The USA’s Social Security Program provides relief for people who can’t afford to care for themselves. Still, there are a lot of conditions and responsibilities you have to fulfill if you want to be eligible for the program.
It can get a bit tiring, especially considering they can easily freeze your cheque if they find you’ve exceeded their set account limits. You might feel like you constantly have to worry about how much access they have.
Yes, your bank account is checked, but not every month. This check is because they need to confirm you still meet the requirements to qualify for the Social Supplement Program or SSI.
Seeing as even the slightest deviations can make them take you off the list of beneficiaries, it’s stressful to keep a close eye on the numbers to ensure you don’t suffer for it.
Can Social Security Legally Check Your Bank Account?
Yes, some laws legally allow Social Security to check your bank account. The program has a very strict set of conditions that a person must meet to qualify to apply for the SSI program.
When you fill out the form for the program, you also give them official permission to check your accounts. If you don’t, you can’t apply.
Officially, this is to ensure that there is no abuse of funds. You can’t have more money than they have determined, including all income assets, excluding certain things like house, vehicle, and household effects. Besides, every stock, cash, or other resource counts in its set amount.
The money they provide varies depending on who’s receiving it, but the official payment for people with disability is $2,000. This limit means they will check your account regularly to ensure you don’t exceed this limit.
How Often Does the SSI Check Your Bank Account?
They check on your account regularly, though it can have an interval of up to two years or even monthly. Ideally, it doesn’t make sense for them to do it monthly, though it is possible if they set up an electronic system.
Some receivers of SSI have reported that they don’t receive any messages for up to two years, even if they’ve exceeded the limit by a few months.
This interval is because even if they’re checking after a while, they’ll receive a full report of your bank account after two years.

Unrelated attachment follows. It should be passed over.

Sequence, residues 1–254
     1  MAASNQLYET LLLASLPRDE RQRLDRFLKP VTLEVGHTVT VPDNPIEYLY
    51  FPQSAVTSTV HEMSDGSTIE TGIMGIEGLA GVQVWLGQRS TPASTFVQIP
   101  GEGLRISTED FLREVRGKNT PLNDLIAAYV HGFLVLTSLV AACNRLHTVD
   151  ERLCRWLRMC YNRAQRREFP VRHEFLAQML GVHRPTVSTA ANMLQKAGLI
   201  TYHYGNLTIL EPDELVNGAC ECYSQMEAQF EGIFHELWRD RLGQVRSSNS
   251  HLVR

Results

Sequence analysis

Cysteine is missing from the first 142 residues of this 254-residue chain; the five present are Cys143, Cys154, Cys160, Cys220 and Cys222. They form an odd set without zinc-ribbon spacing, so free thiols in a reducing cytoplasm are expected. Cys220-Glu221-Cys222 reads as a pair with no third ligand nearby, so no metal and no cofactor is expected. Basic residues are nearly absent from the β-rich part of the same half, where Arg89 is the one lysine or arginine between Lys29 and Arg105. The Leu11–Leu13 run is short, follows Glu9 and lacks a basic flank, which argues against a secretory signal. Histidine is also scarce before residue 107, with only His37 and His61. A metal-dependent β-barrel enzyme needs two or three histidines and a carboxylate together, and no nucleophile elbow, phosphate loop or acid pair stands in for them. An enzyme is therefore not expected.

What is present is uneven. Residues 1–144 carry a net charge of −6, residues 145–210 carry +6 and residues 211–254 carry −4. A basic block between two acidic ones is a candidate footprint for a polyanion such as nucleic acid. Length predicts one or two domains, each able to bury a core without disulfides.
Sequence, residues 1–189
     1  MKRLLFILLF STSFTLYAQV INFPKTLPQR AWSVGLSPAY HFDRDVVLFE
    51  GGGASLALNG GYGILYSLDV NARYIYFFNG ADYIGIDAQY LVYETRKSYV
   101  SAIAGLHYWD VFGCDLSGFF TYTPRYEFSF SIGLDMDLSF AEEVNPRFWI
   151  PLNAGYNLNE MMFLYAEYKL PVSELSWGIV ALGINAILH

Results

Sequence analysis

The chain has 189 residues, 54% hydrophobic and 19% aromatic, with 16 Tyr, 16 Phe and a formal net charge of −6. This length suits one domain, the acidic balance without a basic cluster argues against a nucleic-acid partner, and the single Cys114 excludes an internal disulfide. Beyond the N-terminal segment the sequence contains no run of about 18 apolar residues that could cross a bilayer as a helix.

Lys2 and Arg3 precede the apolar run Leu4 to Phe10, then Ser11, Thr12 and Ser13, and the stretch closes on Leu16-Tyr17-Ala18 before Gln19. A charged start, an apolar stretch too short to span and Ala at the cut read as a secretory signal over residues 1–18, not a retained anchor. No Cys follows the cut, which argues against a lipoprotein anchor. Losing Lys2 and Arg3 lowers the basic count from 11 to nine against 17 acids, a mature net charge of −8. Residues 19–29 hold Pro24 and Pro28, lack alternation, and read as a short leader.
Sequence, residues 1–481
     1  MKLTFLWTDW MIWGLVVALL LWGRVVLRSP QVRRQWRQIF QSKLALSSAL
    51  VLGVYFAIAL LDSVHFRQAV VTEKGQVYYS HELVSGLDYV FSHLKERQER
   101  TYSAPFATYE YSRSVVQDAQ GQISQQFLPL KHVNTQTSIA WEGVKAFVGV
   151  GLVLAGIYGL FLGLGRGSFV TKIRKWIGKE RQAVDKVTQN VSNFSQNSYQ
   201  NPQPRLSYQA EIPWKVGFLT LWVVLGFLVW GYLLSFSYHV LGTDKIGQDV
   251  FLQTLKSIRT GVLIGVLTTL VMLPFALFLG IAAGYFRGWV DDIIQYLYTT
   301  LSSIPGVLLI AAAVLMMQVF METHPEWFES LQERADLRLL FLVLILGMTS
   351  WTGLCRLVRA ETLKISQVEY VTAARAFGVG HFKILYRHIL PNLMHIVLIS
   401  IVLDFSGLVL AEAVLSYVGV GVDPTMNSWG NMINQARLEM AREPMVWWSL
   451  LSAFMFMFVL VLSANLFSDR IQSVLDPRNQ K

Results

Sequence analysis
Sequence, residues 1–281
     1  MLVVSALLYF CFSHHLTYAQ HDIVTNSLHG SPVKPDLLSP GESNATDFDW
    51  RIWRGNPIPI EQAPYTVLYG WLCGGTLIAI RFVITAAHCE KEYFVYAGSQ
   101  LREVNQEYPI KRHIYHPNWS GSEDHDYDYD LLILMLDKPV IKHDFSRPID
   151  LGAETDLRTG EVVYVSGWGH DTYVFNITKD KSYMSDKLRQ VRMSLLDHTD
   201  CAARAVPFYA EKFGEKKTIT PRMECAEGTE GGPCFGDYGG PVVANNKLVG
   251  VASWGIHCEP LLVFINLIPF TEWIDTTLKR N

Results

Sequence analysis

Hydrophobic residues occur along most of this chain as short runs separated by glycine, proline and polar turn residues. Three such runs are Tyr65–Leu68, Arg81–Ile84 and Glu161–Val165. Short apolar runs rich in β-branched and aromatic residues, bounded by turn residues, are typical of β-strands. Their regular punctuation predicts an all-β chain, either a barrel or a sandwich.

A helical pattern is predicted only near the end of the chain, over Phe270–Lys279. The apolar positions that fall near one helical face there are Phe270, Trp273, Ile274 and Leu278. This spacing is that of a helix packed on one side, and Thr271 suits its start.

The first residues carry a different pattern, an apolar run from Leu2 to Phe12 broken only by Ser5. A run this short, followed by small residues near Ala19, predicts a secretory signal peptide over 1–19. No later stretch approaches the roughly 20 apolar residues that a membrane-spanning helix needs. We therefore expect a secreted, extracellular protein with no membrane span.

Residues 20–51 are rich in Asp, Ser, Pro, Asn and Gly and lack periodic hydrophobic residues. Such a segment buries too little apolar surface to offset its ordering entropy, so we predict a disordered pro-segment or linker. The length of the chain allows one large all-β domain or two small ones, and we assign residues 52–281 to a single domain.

They’ll have a detailed account of the past 24 months and can see what months you went over. They’ll then add up those numbers.
You’ll be contacted and told to pay the total amount, usually in monthly deductions from your cheque. You’re expected to pay back no matter how little the amount. Similarly, you also need to report any extra income, which will be deducted from the payment.
It’s better to be careful with your monthly dealings because if the SSI checks your account after a long time and you have a large amount racked up, it’ll be harder to pay it off.
Why Does Social Security Have Access to My Bank Account Information?
This access is possible because Congress permitted the Social Security Administration to review financial accounts. They were approved in 1999, and the SSI program put the power in effect in 2003. They established a system to allow them to go over every asset of a person signing up for it.
If the person doesn’t want to allow access, they can’t apply. You have to let the SSA review your bank reports to see what personal assets are under your name. If you’re trying for the disability program, all assets cannot exceed $2,000.
They’ll also check for any accounts geographically near you to make sure you aren’t hiding any other bank accounts or resources.
If you want to be considered, you must report every asset you have, or you might be in trouble. It’ll take away your chances of being granted payments even if you try to sign up again.
What Resources Fall Under the SSI Program?
Every single income source apart from a few essentials like the house you live in or the car you drive counts as a resource. This stipulation means any bank accounts, second home or vehicles, building, stocks, savings or saving bonds, life insurance worth over $1,500, or land counts.
The definition is that anything you can sell or convert into food and shelter is a resource.
This list also includes ‘deemed’ resources which are a part of the resources of certain people around the claimant. These include his parents, spouse, parent’s spouse, spouse’s spouse, or sponsor of an alien.